The only real problem I have is in the later stages of the game when Kane and Lynch hijack and helicopter and do a turret section. This alone isn’t bad. It’s an escalation that I think is a bit too far, but it’s fine. They crash land in the building they’re shooting up, then rampage through it in search of the mob-boss-cum-politician who’s been siccing his goons on the two of them. As they go through the offices below his penthouse, other helicopters fly up and start shooting at them, and it falls to the player to shoot back at the helicopters until they explode. The game, up until this point, has remained fairly grounded, and getting into helicopter fights is encroaching on Gordon Freeman’s turf. They don’t even have rocket launchers; they can blow up these helicopters with handgun rounds. It’s not necessary. The game feels far, far better when it’s a grounded shooting gallery where you can die in a fraction of a second from a guy with a MAC-10, and not when Lynch is given a sudden boost in survivability to help him in ducking minigun fire. Doubling down further on these small, lethal skirmishes would have accomplished a lot more tonally than adding helicopter minibosses.

This is Blood on the Sand if it was on purpose.

In January of last year, I made a review of this game, but I posted it on the page for the console version of the game because the GBA version didn't yet have a page on Backloggd (iirc, I don't think it even was listed as a platform on the other page? I've slept since then, though). I... was going to include the original review at the end of this one for posterity, but I already deleted that log, and then I forgot to paste it and now it's gone, so... oops. You're not missing too much though - onto the actual review.

Batman Vengeance on GBA is a strangely ambitious game. Upon hearing about it, you probably assume you'll just do some light platforming in 2D action levels as Batman, as pretty much all previous and future handheld Batman games have done, but in reality, this game features a whopping four different gameplay styles. Anytime I think of this game, I ask myself "why did they do so much with this game?" I feel as though they intended on only having the Batman sections, and maybe one other, but some execs were like "oh, we want to include the Batplane and Batmobile in to sell people on the game, you need to include those. And people like Robin, right? Give him some levels." And then what was perhaps a lowkey game turned into four different gameplay styles in one (can you tell I have no idea how these things work? My point is just that this game is really loaded and I imagine they were pushed to do so).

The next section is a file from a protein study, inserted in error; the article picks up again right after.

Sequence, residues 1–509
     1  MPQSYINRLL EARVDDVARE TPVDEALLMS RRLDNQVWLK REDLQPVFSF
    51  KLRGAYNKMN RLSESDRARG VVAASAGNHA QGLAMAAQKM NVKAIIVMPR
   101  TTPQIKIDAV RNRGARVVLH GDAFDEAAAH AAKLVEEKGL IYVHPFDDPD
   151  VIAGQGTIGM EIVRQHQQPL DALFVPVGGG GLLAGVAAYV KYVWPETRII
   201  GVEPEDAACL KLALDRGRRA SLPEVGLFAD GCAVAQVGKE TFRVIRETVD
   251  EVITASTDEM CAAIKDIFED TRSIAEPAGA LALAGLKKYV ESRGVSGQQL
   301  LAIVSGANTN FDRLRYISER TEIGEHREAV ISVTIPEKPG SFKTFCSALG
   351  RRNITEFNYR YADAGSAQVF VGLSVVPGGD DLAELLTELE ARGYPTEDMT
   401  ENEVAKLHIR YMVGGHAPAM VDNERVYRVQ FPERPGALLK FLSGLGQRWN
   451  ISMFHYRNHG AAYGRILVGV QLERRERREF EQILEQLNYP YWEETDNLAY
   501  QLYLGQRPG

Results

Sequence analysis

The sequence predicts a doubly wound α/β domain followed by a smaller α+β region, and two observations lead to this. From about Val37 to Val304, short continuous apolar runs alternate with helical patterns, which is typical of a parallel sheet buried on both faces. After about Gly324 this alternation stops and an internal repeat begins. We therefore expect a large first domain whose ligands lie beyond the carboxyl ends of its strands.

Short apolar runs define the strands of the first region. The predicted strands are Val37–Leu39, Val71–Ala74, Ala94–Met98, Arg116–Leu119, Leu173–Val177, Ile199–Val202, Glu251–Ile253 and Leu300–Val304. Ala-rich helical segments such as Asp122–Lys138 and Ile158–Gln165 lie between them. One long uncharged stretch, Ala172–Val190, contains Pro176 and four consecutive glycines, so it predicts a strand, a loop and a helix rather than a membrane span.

Batman's levels are pretty much as I described above, 2D platforming across rooftops and in villain hideouts with simple combat mechanics. Enemies are defeated in no more than three hits, and don't really pose a threat. Batman can glide to cross larger gaps (a surprisingly niche ability across Batman games from my experience - really, his gliding I feel is underutilized in most media) which is somewhat unique amongst its peers, and has the Batclaw to climb to ceilings directly above him, and Batarangs to take out farther enemies. These levels are really nothing special. The first two settings - across Gotham's rooftops and in a building occupied by Mister Freeze - are plain and don't really have any frills. The third set of levels has you scaling up a large building that's been infested with Poison Ivy's plants, so it has a lot more verticality and push you to glide a lot more. Then finally you take on the Joker and Harley at some gasworks which has you using some elevators and limited ziplines; ziplines might sound exciting, but it's really not. The Poison Ivy levels are the peak of the Batman levels, and they're not very special, either. Unsurprisingly, the Batman sections take up the most time of the game, yet they're the last part of the game I think about; they're not good enough to be what I remember most fondly, and they're not bad enough to be was I grimace at in remembrance. They're entirely mediocre.